Weekend and Monday natural gas rocketed higher in trading Friday, led by Herculean advances at eastern market points.

Dollar-plus gains along the Eastern Seaboard were more than able to counter softer pricing in Texas, the Midcontinent and Midwest. The NGI National Spot Gas Average rose a stout 24 cents to $3.75. Futures trading had no answer to the exuberant physical market, and at the close February had risen 1.2 cents to $3.285 and March was higher by 2.0 cents to $3.288. February crude oil added 23 cents to $53.99/bbl following a supportive employment report by the Labor Department.

Spot gas prices in New England and the Mid-Atlantic vaulted higher as forecasts called for a winter storm to march up the East Coast reaching Canada by Sunday. AccuWeather.com forecast that Boston’s Friday high of 33 degrees would slip to 30 by Saturday and ease further to 27 by Monday, 9 degrees below normal. New York City could look forward to Friday’s high of 34 sliding to 28 by Saturday and 29 by Monday, also 9 degrees off seasonal norms. Philadelphia was anticipated to see see a high Friday of 34 drop to 29 Saturday and inch up to 30 by Monday, 10 degrees below normal.

Gas delivered to the Algonquin Citygate jumped $1.24 to $9.09, and packages at Iroquois, Waddington soared $2.51 to $8.48. Gas on Tenn Zone 6 200L gained $2.14 to $9.85.

Packages on Texas Eastern M-3, Delivery shot higher by $2.48 to $6.16, and gas on Transco Zone 6 on its way to New York City gained $2.53 to $7.85.

Not only were temperatures expected to be below normal, but heavy snowfall was also expected. “A storm developing in the Gulf [Coast] states will race to the North Carolina coast by [Saturday] morning and to Nova Scotia by Sunday morning,” said AccuWeather.com meteorologist Elliot Abrams.

“Loaded with moisture, it can dump a foot of snow in less than 12 hours but will have a sharp northern edge. Where the snow is wet, trees will topple and power will be cut. Deeper into the cold air, it will be a powdery snow that blows, drifts and hides things (such as traffic stopped just ahead of you).”

Other market hubs couldn’t match the gains in the East. Gas at the Chicago Citygate was up a penny at $3.33, and deliveries to the Henry Hub rose 2 cents to $3.32. Gas on Panhandle Eastern fell by 7 cents to $3.18, and deliveries to Opal were quoted a dime lower at $3.16. Gas at the PG&E Citygate was flat at $3.47.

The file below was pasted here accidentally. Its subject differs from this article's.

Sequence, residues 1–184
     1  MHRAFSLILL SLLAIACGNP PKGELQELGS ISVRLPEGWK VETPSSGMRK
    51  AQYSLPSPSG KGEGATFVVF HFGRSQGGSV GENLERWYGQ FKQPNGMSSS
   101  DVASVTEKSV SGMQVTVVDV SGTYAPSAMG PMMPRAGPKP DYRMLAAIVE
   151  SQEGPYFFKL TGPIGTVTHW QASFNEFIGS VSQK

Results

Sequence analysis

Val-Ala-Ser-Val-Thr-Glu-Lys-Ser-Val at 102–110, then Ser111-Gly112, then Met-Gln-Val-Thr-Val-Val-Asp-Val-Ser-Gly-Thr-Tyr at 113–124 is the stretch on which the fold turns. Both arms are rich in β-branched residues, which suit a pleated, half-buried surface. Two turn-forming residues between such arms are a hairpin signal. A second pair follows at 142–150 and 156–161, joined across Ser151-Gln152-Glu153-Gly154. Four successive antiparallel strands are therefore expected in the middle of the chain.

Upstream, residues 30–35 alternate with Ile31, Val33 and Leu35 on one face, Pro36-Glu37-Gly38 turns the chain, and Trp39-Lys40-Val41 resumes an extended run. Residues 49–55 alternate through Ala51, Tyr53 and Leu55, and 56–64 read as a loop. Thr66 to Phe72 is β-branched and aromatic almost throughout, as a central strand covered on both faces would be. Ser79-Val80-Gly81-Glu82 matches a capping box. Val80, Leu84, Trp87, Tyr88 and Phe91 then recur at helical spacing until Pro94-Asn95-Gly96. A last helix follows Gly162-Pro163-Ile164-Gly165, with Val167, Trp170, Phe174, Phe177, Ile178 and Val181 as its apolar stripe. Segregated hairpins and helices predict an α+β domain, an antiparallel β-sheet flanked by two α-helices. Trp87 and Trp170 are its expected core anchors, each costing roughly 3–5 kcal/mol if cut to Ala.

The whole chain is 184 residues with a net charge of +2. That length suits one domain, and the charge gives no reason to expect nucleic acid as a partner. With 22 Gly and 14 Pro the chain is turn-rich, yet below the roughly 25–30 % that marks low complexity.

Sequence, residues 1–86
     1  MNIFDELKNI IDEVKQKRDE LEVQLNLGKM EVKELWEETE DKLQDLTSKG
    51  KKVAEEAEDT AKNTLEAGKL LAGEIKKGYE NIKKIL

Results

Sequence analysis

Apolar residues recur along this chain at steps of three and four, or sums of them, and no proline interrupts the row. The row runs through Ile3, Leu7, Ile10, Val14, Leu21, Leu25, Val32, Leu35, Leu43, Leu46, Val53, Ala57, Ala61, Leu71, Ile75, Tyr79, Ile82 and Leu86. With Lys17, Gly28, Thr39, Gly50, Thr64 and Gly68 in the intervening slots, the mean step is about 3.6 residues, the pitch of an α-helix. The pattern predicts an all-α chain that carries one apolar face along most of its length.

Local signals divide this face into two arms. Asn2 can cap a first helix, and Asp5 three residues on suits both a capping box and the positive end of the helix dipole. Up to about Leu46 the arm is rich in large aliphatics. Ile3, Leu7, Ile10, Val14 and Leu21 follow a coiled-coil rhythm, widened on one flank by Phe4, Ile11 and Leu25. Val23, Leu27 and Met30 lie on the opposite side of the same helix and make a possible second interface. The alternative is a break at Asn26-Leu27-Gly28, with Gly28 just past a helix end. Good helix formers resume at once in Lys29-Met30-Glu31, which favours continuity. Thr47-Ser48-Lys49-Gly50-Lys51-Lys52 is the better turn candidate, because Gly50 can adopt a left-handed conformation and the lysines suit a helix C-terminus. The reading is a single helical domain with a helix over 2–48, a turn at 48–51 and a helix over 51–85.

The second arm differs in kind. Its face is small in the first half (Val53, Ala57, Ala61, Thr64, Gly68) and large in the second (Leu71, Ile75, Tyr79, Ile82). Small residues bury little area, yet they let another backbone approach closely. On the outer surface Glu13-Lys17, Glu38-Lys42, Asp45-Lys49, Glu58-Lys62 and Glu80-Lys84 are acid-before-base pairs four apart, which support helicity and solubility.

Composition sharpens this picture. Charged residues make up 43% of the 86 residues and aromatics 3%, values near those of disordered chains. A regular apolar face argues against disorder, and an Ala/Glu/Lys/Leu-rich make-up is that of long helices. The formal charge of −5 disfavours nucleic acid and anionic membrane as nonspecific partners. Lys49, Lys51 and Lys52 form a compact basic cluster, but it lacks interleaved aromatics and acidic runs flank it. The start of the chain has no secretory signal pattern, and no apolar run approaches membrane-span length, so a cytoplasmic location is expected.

Monday power loads in the Mid-Atlantic were forecast higher than Friday. PJM Interconnection forecast that Friday’s peak load of 39,867 MW would reach 41,977 MW Monday.

Overnight weather models showed near-term moderation.

MDA Weather Services in its Friday morning six- to 10-day outlook said, “The forecast sees a sizable change in the warmer direction today in the South and along the East Coast, which comes as a result of increased unsettledness in the southern Midwest acting to limit the southward extent of a colder Canadian air mass into the U.S. from mid to late period. Strong aboves are now expected to average the period in parts of the South, including in Texas, while much aboves span northward into the Northeast. Strong cold will remain in place from Western Canada toward the Northern Plains, with the coldest air being found there in the early half of the period.”

MDA said risks to the forecast include the “Euro model show[ing] some cold air damming potential late in the East; but given the positive tilt to the pattern, this is likely only a brief and marginal cold risk. Texas could peak warmer still.”

Traders see continued weakness of another 15 cents. “[Thursday’s] data reinforced our short term convictions that nearby futures will decline further to the $3.13 area where we will look to approach the long side in anticipation of another weather driven price up-turn that could approach last week’s highs,” said Jim Ritterbusch of Ritterbusch and Associates in a note to clients.

“But we will also note that the storage deficit against 5 year averages per [Thursday’s] data is considerably smaller than expected at only about 21 Bcf. So, until another Arctic blast shows up within the forecasts, supply would appear sufficient to preclude a sustainable price advance. But as seen on many occasions during the past 3 months, the temperature views can change dramatically within a very short time frame in prompting some vicious price reversals either up or down. Regardless, we will look to approach the long side on further price weakening while we also suggest maintaining bull spreads such as long April-short December 2017 positions.”

The Labor Department reported Friday morning non-farm payrolls had increased 156,000 during December, somewhat less than the 175,000 forecast by economists. The unemployment rate inched up 0.1% to 4.7%. The Dow Jones Industrial Average rose 64 points to 19,963.